Update, 11/6/15: Yesterday morning, DA Sedita finished his statement with “The District Attorney will not be holding a press conference.” But that didn’t mean he wouldn’t be doing interviews! It’s a 36-minute interview without a transcript or recap.
I’ve watched it. He doesn’t give much specific information about the evidence in the case, though he does say the woman’s DNA was not found on the bedding where she says he raped her and Kane’s DNA was not found in her underwear. Sedita says they were comparing the woman’s report, witness reports, digital data from cell phones, and forensic evidence. DNA was tested five times, he says. Sedita refuses to say the woman lied, just that part of her story (especially around the sexual assault) did not have enough credible evidence to support it. He can’t say anything about Kane’s version because he doesn’t know it.
Can I note one thing about these “he said/she said” cases? Because of how due process works, if you are accused of a crime, you absolutely do not (and probably should not) talk to the authorities. The reason is that once you tell a story, people can begin to pick it apart. Sedita does say in the interview, when the reporter notes that Kane never spoke to police, “Wish he had, woulda been nice…. That’s his right. But if you are going to ask me about the what the truth is about what happened, the absolute truth of what happened that night, I can’t answer that question because it’s frustrated by Mr. Kane’s non-cooperation.”
In these cases, the person who reports has to tell their story over and over again. And so it gets picked apart, by investigators and lawyers (because that is their job) but also by the public and the media. A regular pattern in these cases is people screaming, “but her story changed!” Yes. Have you ever told a story more than once? Ever under intense stress? Ever about a traumatic event that happened to you? This is not to say anything about this particular case but rather a general observation about how we talk about these cases. We so rarely take the time to see how the way the law works feeds into how our culture is set up to disbelieve people who report that they’ve been sexually assaulted.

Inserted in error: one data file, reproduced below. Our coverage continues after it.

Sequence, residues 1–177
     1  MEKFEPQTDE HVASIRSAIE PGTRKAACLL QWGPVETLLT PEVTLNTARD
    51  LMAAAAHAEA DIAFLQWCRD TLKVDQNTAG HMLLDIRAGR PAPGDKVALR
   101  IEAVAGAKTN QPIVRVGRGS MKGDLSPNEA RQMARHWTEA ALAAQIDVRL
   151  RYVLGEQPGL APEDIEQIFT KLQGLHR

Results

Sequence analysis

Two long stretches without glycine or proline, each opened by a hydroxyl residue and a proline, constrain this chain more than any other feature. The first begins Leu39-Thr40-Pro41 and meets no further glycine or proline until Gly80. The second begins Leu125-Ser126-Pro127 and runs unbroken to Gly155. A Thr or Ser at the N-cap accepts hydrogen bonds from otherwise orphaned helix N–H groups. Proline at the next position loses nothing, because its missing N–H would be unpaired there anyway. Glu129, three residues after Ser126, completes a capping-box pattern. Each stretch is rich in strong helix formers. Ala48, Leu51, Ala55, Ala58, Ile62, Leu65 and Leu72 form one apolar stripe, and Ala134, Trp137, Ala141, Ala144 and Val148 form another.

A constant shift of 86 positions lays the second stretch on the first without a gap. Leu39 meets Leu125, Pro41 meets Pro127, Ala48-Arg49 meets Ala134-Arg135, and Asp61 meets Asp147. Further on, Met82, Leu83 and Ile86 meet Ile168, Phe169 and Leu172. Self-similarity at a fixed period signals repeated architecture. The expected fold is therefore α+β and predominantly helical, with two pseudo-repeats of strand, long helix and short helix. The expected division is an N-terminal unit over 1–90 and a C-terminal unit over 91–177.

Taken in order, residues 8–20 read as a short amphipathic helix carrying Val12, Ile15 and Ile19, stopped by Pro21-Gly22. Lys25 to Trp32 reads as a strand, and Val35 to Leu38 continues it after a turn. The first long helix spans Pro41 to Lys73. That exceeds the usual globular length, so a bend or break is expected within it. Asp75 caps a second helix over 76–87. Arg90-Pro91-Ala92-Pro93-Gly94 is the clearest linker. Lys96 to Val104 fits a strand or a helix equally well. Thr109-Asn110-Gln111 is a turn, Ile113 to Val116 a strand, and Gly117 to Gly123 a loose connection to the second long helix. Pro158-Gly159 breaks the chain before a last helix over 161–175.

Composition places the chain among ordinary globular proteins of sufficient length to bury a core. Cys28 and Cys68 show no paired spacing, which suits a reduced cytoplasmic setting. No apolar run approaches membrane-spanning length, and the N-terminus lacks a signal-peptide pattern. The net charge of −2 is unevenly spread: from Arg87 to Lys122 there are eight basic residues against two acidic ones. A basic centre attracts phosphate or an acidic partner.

Today, the Erie County District Attorney, Frank Sedita, issued a statement that reads:
The totality of the credible evidence — the proof — does not sufficiently substantiate the complainant’s allegation that she was raped by Patrick Kane and this so-called “case” is rife with reasonable doubt. Accordingly, the Office of the Erie County District Attorney will not present this matter to an Erie County Grand Jury.
Thus ends a three-month investigation that has taken place while Kane’s NHL team, the Chicago Blackhawks, faced intense scrutiny for allowing him to continue to practice and play, criticism about which they didn’t seem to care. The NHL itself also felt the heat. Then the woman’s mother lied to the daughter’s then-attorney about evidence in the case in order to imply corruption and intimidation on the part of someone with access to the rape kit.